The conduct of America’s — or any country’s — foreign policy, therefore, is the province of a very small group at the very top of the political pyramid: what might be called, for lack of a better group description, the ruling class, otherwise known as the “Establishment.” These are the chief actors, — aside from freelancers like terrorist groups, various “liberation” movements, and George Soros — on the world stage.

To answer the question posed at the beginning of this article, it is necessary to ask what motivates the Establishment: what causes them to come to a consensus and act? For libertarians, and for those of a realistic mindset — not always the same thing — the answer is simple: it’s all about power.

The retention and expansion of political power is the central task of every ruling class throughout history, no matter what their ostensible ideological orientation. Dictatorships, democracies, and everything in between all share this common trait: it is the organizing principle at the core of the policymaking machine, the brain behind the brawn. The various ideological explanations offered by these elites for their actions are invariably self-serving and ultimately irrelevant rationalizations: for example, the old Communist elites pretended to be working toward the establishment of the communist system worldwide, but in fact were devoted to the creation of “socialism in one country,” i.e. feathering their own nest. In the West, political leaders insist their goal is the spread of liberal democracy and its alleged economic benefits, but the reality is that they’re more concerned with their campaign treasuries and their poll numbers: the old mottoes of the Anglo-Saxon ruling class, which upheld the principle of “noblesse oblige,” are so timeworn and tattered that no one even bothers to invoke them any longer.

The politicians, in short, are in it to stay in it: they are in the business of acquiring and keeping power, and that is what motivates them in all matters foreign and domestic. The “national interest,” the “world revolution,” the peculiar destiny afforded us as sainted beneficiaries of “American exceptionalism” — all these disparate brands of ideological snake-oil, boiled down to their essence, are just naked self-interest colored with various shades of rhetorical mumbo-jumbo.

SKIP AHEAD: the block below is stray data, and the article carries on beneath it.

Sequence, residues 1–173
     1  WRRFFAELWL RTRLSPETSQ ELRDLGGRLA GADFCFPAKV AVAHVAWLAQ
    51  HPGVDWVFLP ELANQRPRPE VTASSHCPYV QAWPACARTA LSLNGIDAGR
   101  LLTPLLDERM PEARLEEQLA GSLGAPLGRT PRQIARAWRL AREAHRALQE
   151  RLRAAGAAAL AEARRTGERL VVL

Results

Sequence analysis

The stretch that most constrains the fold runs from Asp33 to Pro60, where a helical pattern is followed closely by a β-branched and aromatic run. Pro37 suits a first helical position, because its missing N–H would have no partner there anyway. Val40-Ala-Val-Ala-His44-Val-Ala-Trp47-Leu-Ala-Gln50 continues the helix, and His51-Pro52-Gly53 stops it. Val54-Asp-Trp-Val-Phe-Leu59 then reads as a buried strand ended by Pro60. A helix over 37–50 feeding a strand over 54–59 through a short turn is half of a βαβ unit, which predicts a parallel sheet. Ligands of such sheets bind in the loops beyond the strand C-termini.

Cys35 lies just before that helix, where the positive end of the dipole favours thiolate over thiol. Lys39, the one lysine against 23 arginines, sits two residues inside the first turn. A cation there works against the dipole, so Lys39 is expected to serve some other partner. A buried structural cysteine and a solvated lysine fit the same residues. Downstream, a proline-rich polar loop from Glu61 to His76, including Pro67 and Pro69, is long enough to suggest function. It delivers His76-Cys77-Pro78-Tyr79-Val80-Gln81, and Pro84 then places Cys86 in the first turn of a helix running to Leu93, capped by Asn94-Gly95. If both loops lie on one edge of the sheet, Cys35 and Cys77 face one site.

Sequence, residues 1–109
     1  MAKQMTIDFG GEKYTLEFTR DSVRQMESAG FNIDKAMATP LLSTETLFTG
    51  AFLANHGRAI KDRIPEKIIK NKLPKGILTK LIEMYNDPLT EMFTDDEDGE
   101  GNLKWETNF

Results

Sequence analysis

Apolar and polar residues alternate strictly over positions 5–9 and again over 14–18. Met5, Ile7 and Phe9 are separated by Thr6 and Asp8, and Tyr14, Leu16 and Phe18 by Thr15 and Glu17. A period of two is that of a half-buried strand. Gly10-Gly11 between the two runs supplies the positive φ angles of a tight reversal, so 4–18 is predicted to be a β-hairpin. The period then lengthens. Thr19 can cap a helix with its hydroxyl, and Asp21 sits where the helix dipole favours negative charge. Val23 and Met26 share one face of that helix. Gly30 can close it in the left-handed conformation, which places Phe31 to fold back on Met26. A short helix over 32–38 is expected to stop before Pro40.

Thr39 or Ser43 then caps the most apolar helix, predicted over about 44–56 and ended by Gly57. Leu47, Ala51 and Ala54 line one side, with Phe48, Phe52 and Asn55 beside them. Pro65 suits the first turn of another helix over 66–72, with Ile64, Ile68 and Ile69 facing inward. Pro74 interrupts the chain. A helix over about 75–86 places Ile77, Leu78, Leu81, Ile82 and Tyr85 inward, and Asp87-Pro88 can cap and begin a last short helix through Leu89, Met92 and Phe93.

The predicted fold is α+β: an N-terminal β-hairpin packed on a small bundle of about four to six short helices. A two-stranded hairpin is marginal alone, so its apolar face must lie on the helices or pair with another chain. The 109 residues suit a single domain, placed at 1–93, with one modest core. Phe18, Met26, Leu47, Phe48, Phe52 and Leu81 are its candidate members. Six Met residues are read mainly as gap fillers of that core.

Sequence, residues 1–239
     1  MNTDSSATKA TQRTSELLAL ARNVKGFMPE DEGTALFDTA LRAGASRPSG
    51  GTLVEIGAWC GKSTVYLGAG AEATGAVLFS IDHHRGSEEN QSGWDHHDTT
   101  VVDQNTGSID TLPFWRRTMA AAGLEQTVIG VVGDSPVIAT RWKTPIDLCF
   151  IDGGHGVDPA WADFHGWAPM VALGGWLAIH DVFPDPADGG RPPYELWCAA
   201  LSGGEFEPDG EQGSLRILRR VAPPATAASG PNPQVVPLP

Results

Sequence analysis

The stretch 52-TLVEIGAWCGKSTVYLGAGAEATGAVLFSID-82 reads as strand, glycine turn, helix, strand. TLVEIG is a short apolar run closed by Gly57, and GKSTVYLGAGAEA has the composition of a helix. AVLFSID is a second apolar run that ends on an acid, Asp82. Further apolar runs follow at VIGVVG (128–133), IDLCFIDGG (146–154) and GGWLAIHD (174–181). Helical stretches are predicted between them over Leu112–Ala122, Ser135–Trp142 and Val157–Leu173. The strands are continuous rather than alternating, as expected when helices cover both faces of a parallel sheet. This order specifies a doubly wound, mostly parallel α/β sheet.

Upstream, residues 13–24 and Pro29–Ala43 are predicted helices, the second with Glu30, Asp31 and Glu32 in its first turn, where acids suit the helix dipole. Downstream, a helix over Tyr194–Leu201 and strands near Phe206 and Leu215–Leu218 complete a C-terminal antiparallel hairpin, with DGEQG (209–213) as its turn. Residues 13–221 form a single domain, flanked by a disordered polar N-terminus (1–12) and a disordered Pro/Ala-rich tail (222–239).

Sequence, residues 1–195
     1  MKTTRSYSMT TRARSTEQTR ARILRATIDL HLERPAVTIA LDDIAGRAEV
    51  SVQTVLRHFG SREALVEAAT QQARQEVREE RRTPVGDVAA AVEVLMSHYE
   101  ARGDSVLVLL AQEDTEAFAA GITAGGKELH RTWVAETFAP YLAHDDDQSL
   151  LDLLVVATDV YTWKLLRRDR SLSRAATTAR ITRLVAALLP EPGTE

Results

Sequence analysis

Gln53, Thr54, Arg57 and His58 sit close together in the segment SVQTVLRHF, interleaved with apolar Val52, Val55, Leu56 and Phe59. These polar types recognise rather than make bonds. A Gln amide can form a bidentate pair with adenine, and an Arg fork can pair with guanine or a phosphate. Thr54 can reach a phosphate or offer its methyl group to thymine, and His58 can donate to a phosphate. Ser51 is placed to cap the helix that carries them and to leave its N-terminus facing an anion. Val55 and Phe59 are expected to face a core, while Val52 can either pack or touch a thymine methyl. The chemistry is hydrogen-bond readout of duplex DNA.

A wise ruler — say, Marcus Aurelius — may realize the prolongation of his rule (not to mention the judgment of history) depends on pursuing peaceful, relatively beneficent policies, whereas a foolish and/or evil one — say, Hitler — may pursue policies that seem to expand his power in the short term but doom him in the long run, Yet both are similarly motivated by an overriding ambition — to wear the Ring of Power, and thus shape the course of events.

In seeking to understand why governments as international actors take or refrain from taking a certain course, the first task of the intelligent observer is to look toward the home front. The “official” explanations for such actions are invariably tied to some “crisis” that exists thousands of miles away, usually attributed to dastardly deeds of the villain-of-the-month. In reality, the true cause is usually much closer to home — and staring us in the face.

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Justin Raimondo [send him mail] is editorial director of Antiwar.com and is the author of An Enemy of the State: The Life of Murray N. Rothbard and Reclaiming the American Right: The Lost Legacy of the Conservative Movement.